you do on the other. I went I know not whither, when I met St. Stephen, who said to me, Give back that which thou hast received. I answered, What should I give back? you have given me nothing. He repeated three times, Give back that which thou hast received. Then I comprehended that he spoke of the credo: I repeated my credo to him, and suddenly he raised me.
Above all, they quoted the stories related by Sulpicius Severus, in the life of St. Martin. They proved that St. Martin, with some others, raised up a condemned soul.
But all these stories, however true they might be, had nothing in common with the vampires who rose to suck the blood of their neighbours, and afterwards replaced themselves in their coffins. They looked if they could not find in the Old Testament, or in the mythology, some vampire whom they could quote as an example; but they found none. It was proved, however, that the dead drank and eat, since in so many ancient nations food was placed on their tombs.
The difficulty was to know whether it was the soul
or the body of the dead which ate. It was decided that it was both. Delicate and unsubstantial things, as sweetmeats, whipped cream, and melting fruits, were for the soul, and roast beef and the like were for the body.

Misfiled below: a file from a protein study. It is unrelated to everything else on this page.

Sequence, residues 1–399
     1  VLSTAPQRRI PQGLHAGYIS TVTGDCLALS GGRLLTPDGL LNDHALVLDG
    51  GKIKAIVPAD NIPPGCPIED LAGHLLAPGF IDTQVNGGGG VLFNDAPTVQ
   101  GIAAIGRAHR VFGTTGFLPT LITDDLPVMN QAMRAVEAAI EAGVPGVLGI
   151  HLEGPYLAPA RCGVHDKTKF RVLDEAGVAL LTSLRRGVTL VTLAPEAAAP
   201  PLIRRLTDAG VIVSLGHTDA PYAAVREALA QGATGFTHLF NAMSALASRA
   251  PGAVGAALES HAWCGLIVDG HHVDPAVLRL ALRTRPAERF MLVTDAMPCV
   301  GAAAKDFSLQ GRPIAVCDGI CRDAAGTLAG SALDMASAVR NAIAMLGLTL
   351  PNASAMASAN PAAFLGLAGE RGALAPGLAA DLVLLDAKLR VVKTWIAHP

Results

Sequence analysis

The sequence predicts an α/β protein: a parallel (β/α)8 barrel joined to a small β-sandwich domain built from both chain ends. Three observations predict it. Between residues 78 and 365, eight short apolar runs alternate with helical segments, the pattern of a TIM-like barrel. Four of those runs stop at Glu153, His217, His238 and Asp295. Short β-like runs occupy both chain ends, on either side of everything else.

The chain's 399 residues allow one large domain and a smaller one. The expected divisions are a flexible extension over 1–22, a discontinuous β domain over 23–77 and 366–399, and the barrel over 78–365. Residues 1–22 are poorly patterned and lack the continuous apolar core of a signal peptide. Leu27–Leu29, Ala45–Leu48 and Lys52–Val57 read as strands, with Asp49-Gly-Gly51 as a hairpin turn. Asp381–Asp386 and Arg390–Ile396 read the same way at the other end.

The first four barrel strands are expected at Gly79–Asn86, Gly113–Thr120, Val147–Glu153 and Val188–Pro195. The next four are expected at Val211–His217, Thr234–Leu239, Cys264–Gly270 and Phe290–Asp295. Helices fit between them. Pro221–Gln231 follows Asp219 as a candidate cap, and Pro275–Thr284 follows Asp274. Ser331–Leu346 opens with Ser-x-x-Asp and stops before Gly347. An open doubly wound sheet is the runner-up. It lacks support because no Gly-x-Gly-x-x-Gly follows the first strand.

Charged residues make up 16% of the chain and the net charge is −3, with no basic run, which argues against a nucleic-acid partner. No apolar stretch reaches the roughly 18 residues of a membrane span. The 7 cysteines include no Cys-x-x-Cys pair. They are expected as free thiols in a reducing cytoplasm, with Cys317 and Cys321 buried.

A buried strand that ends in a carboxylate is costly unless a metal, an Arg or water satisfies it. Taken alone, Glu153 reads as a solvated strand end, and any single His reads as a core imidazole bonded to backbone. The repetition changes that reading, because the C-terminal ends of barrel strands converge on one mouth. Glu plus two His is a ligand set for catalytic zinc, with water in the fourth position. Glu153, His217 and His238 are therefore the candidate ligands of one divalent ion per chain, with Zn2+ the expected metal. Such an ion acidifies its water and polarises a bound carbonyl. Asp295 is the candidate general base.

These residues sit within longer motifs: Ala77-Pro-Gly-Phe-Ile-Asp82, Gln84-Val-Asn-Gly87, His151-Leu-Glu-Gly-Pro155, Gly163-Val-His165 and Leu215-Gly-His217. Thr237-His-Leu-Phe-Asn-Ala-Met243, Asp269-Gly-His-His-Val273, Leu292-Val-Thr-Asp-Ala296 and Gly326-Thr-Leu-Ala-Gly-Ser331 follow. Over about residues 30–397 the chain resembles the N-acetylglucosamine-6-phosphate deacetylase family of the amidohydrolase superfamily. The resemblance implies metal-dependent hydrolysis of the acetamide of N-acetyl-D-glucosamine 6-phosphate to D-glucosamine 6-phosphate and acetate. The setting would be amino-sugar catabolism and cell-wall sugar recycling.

The kings of Persia were, said they, the first who caused themselves to be served with viands after their death. Almost all the kings of the present day imitate them, but they are the monks who eat their dinner and supper, and drink their wine. Thus, properly speaking, kings are not vampires: the true vampires are the monks, who eat at the expense of both kings and people.
It is very true, that St. Stanislaus, who had bought a considerable estate from a Polish gentleman, and not paid him for it, being brought before king Boleslas, by his heirs, raised up the gentleman; but this was solely to get quittance. "It is not said that he gave a single glass of wine to the seller, who returned to the other world without having eaten or drunk. They afterwards treated of the grand question, whether a vampire could be absolved who died excommunicated, which comes more to the point.
I am not profound enough in theology to give my opinion on this subject, but I would willingly be for absolution, because in all doubtful affairs we should take the mildest part.
Odia restringenda, favores ampliandi. The result of all this is, that a great part of Europe has been infested with vampires for five or six years, and that there are now no more; that we have had convulsionaries in France for twenty years, and that we have them no longer; that we have had demoniacs for seventeen hundred years, but have them no longer; that the dead have been raised ever since the days of Hippolytus, but that they are raised no longer; and lastly, that we have had jesuits in Spain, Portugal, France, and the two Sicilies, but that we have them no longer.*
* The latter are in existence again, and it will not be their fault if the rest of the series do not follow.-T.
VELETRI, A small Town of Umbria, nine leagues from Rome; and,